Chagas disease, or American trypanosomiasis, is a poverty-related infectious disease caused by the parasite Trypanosoma cruzi, usually through the faeces of the blood-feeding triatomine bug. The disease is most common in Latin America, although increased migration and global travel mean it is spreading more widely to other areas.
There is a lot of clinical data in the field of Chagas research, but despite this, large-scale analyses have not been possible due to heterogeneity in the data or differing study designs. The new platform aims to amalgamate and standardise available individual patient data (IPD) to allow for more statistically powerful, in-depth analyses. This will help to produce a stronger evidence base to steer new strategies and treatments in the drive towards eliminating Chagas disease.
Dr Fabiana Barreira, Senior Clinical Manager at DNDi says: “This platform will strengthen collaboration between researchers and avoid duplication, which is critical in a context of limited resources. By formalising the sharing of data, it will enable us to answer the questions we have and potentially contribute to developing innovative treatments for people living with this deadly and silent disease”
Once in the body, parasites spread through the blood or lymphatic system, preferentially infecting cells in the heart or the digestive tract. Patients can remain asymptomatic for up to ten years while still infecting others. In 10–30% of cases, patients develop chronic and irreversible damage to the heart and digestive tract.
There are currently two treatments for Chagas disease that are effective during the acute and early chronic phases of the disease, however they are less effective when complications become more severe and have many side effects. There is currently no vaccine to prevent infection. With an estimated 70 million people at risk of contracting Chagas disease, improved treatment options that are safer and more effective are urgently required.
This new collaboration will explore key questions such as the optimal regimen of current drugs, understanding the effect of parasite clearance on disease progression, and whether the duration of the infection has an effect on the treatment outcome.
Professor Philippe Guérin, Director of IDDO, says: “Currently, large volumes of treatment data exist but making comparisons of efficacy between drugs, regimens and regions is almost impossible from publications. This collaboration with DNDi will improve outcomes for patients with Chagas disease by ensuring that all future scientific research is based on the most complete aggregation of the existing evidence."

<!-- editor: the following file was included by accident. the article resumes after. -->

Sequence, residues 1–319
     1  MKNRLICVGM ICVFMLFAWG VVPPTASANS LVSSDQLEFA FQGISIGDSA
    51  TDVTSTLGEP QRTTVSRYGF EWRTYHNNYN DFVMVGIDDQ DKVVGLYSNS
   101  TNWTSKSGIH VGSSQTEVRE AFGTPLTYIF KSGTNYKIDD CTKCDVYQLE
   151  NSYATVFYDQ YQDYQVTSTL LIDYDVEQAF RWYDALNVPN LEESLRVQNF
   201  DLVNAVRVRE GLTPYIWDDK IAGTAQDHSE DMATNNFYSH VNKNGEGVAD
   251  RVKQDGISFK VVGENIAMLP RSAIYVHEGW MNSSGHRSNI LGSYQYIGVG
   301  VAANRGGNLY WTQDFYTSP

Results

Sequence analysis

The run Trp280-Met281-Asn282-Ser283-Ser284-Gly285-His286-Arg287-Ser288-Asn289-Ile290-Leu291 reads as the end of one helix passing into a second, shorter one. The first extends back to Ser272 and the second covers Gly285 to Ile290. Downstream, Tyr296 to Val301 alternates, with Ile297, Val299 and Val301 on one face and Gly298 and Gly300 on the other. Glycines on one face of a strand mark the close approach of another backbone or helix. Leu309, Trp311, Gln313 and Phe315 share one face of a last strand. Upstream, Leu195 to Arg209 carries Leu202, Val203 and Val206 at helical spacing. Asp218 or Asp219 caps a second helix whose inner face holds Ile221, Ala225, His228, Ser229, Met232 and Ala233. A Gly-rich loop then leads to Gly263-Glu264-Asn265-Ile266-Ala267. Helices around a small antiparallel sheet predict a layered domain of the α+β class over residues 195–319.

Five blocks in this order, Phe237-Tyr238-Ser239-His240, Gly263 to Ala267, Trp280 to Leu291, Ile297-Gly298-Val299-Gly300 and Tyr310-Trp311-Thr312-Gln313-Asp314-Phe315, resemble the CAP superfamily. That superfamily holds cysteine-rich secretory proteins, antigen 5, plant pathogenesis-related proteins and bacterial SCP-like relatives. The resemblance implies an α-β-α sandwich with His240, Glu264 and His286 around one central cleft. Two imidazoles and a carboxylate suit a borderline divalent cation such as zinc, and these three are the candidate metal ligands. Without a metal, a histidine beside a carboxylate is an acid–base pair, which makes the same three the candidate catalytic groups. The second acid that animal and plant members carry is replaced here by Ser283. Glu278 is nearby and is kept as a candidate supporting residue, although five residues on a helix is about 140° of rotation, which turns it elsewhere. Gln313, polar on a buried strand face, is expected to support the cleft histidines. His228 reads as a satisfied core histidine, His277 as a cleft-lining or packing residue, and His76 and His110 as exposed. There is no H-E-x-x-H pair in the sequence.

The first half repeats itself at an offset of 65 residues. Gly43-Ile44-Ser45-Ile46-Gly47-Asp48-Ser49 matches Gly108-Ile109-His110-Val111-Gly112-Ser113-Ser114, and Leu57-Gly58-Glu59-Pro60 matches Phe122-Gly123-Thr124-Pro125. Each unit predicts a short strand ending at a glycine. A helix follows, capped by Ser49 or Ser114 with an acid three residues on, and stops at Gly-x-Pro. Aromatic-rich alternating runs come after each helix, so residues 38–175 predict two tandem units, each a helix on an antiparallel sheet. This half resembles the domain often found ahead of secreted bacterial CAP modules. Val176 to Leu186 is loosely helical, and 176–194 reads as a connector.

Last year IDDO and other members of the Chagas community signed the Santa Cruz letter which was presented to the World Health Organization (WHO) calling on governments, organisations and donors to intensify efforts to control and eliminate Chagas. This new collaboration will help in the drive towards this goal.
Get in touch with us at Chagas@iddo.org and find out about IDDO’s work in other disease areas.
Find out more about Chagas Disease.
About data sharing
IDDO has integrated robust technical and statistical solutions to ensure the security and anonymity of data to maintain participant privacy and confidentiality. Only anonymised data are shared to the data platform.
A not-for-profit research and development organization, DNDi works to deliver new treatments for neglected patients, in particular those suffering with Chagas disease, sleeping sickness (human African trypanosomiasis), leishmaniasis, filarial infections, mycetoma, pediatric HIV, and hepatitis C. Since its inception in 2003, DNDi has delivered eight new treatments. DNDi’s strategy for Chagas disease consists of three pillars: improving diagnostic and therapeutic tools through innovation in research and development, fostering collaboration and strengthen capacity in endemic countries through a scientific platform, and increasing patients’ access to diagnosis and treatment.